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Boulder cop was the last of ten victims killed in grocery store massacre

The Colorado police officer was the last of ten victims killed during Monday’s massacre at the King Soopers grocery store, the Boulder Police Department said on Friday.

Eric Talley led the team of officers into the store within 30 seconds of arriving at the scene, the police department said in a statement on Twitter while defending its response time to the deadly mass shooting.

‘We’ve seen comments from some in our community who questioned the response time of our officers Monday afternoon,’ the Boulder Police Department tweeted.

‘We think it’s important to share that Officer Talley led a contact team of officers into the store within 30 seconds of arriving on scene. Yes, 30 seconds.’

In another tweet, the department said: ‘The suspect then shot at officers, killing Officer Talley, and firing on officers until he was taken into custody. No other individuals were shot or killed after these brave officers engaged the suspect.’

Boulder police have now said he was the last person shot

Boulder police officer Eric Talley (pictured), 51, was shot dead while responding to a massacre at a King Soopers grocery store and Boulder police have now said he was the last person shot

The department defended its response time to the deadly mass shooting in a statement to Twitter

The department defended its response time to the deadly mass shooting in a statement to Twitter

A woman who identified herself as Talley's sister also responded to the department's tweet, praising her big brother

A woman who identified herself as Talley’s sister also responded to the department’s tweet, praising her big brother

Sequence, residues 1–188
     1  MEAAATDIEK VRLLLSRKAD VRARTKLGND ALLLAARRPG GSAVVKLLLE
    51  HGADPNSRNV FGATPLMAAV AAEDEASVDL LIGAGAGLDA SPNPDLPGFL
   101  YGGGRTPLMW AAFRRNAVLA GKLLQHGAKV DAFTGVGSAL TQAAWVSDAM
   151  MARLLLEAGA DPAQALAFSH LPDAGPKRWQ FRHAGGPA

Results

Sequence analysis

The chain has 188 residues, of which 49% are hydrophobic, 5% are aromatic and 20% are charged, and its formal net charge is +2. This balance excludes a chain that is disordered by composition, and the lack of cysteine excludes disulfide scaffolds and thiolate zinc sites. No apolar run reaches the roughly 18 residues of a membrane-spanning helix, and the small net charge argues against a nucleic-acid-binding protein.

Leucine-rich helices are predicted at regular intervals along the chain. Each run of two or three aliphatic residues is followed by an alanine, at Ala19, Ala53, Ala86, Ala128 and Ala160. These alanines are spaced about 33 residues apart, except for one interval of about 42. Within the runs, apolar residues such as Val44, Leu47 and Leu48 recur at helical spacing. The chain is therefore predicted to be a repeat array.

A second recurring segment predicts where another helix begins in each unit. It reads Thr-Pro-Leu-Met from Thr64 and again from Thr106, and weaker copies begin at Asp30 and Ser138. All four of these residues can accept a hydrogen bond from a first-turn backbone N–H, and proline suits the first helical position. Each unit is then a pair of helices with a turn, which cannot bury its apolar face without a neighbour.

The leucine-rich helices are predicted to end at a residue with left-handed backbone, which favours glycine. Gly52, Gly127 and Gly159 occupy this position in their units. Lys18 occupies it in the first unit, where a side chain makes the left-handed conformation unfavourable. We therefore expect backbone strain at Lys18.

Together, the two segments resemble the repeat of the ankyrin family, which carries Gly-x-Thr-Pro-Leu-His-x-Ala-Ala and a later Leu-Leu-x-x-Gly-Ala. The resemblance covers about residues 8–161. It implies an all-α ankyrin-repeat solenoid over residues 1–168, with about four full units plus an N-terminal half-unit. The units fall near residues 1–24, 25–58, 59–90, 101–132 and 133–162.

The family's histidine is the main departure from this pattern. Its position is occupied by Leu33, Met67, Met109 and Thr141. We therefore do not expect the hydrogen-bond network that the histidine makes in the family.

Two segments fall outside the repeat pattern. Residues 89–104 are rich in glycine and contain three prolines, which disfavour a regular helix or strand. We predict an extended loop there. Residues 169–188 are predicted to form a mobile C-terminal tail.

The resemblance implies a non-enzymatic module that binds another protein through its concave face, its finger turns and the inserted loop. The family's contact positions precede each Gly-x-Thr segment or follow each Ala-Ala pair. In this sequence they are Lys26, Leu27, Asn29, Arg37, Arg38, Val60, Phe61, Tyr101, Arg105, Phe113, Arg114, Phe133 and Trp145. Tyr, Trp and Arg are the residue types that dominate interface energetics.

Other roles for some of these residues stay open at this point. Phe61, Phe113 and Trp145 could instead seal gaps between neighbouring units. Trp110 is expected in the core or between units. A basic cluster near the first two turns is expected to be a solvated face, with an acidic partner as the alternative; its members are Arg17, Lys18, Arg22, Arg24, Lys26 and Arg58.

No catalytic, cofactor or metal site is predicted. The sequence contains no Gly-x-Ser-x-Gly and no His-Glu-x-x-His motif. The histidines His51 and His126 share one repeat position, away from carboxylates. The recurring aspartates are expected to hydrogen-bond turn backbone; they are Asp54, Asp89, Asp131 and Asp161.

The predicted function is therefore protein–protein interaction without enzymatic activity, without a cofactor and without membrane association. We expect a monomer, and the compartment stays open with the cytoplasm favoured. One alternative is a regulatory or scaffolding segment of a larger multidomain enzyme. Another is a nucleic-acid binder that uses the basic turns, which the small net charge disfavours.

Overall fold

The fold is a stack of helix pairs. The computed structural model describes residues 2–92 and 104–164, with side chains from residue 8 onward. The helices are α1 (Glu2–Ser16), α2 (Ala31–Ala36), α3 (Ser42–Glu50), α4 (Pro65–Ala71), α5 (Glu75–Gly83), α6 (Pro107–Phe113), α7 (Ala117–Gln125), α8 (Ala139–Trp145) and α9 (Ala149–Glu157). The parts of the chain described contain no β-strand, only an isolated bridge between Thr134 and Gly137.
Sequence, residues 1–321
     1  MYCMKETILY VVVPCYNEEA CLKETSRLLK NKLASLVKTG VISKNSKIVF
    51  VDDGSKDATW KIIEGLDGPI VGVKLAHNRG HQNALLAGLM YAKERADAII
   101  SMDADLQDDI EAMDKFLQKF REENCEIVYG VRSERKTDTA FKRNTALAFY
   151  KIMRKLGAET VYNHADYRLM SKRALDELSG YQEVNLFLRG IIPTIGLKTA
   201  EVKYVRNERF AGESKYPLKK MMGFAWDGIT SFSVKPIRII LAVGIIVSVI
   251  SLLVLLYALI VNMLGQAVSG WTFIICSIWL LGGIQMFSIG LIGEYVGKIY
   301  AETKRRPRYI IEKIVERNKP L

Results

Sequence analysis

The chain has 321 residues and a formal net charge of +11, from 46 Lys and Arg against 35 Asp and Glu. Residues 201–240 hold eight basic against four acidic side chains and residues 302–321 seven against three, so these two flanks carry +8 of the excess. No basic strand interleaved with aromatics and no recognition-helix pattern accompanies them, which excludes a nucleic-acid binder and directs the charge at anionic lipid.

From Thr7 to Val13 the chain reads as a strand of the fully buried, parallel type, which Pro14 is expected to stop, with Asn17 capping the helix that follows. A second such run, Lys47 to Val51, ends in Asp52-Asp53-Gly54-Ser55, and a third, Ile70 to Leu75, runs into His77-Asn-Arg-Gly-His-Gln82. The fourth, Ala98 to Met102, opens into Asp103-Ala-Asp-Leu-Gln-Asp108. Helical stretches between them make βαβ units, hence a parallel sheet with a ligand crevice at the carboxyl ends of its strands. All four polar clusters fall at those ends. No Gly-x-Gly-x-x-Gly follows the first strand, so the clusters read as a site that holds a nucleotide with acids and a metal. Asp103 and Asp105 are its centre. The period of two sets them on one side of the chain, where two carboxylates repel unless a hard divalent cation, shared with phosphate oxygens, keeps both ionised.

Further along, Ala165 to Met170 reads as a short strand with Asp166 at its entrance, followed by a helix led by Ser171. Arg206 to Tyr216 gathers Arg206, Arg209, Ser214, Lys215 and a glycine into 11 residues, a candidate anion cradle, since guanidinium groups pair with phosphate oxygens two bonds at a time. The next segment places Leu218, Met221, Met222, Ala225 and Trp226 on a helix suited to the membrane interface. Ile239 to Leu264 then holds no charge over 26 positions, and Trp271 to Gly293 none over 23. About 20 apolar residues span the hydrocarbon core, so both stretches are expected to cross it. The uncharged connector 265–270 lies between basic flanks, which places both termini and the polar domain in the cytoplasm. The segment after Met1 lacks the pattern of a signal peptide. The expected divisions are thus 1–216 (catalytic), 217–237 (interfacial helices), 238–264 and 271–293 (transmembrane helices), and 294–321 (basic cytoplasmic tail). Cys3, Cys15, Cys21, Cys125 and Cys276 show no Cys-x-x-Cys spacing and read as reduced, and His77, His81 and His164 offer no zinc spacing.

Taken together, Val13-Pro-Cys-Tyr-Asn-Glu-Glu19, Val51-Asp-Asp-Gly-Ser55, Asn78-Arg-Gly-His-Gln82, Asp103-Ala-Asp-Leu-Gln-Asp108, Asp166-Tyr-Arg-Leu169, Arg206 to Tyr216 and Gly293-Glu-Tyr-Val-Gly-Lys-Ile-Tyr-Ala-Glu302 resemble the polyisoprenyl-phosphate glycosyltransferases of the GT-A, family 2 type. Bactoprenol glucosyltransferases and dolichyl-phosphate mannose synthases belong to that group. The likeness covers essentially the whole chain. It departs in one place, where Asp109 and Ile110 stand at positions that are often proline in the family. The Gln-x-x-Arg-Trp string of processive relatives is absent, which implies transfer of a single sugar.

In an earlier tweet, she had said: 'Officer Eric Talley is my big brother. He died today in the Boulder shooting. My heart is broken'

In an earlier tweet, she had said: ‘Officer Eric Talley is my big brother. He died today in the Boulder shooting. My heart is broken’

Some Twitter users continued to question how quickly the police department responded and if a faster response could have prevented more deaths.

One Twitter user asked: ‘I think the question was, how long from the 911 call to officers on scene?’

The department responded that it took ‘1 minute and 40 seconds from time of call to arrival.’

But that answer was not enough for one Twitter user, who asked: ‘Add 30 seconds after arrival so 2 minutes 10 seconds before entering store?’ 

‘Yes, you had one officer who rushed in, but then you let him and 9 other people bleed to death while trying to coordinate a giant SWAT for your down officer,’ claimed @AjaxAtax, another Twitter user.

The Twitter user continued: ’30 minutes of Rambo mode coordinating an attack, 20 of them AFTER SURRENDER.’

Twitter user @bullmaster123 defended the department for the time taken to coordinate after Talley had been shot. 

‘So to all the people questioning the response time understand a couple things. The average response time is 15 mins officer Talley made it in 1:40,’ the tweet reads.

‘As for rushing in after Talley was down. You already had 1 officer down and unknown how many other officers.’

The department's statement came after Twitter users questioned its response time to the deadly mass shooting, with some Twitter users not satisfied by the department's answer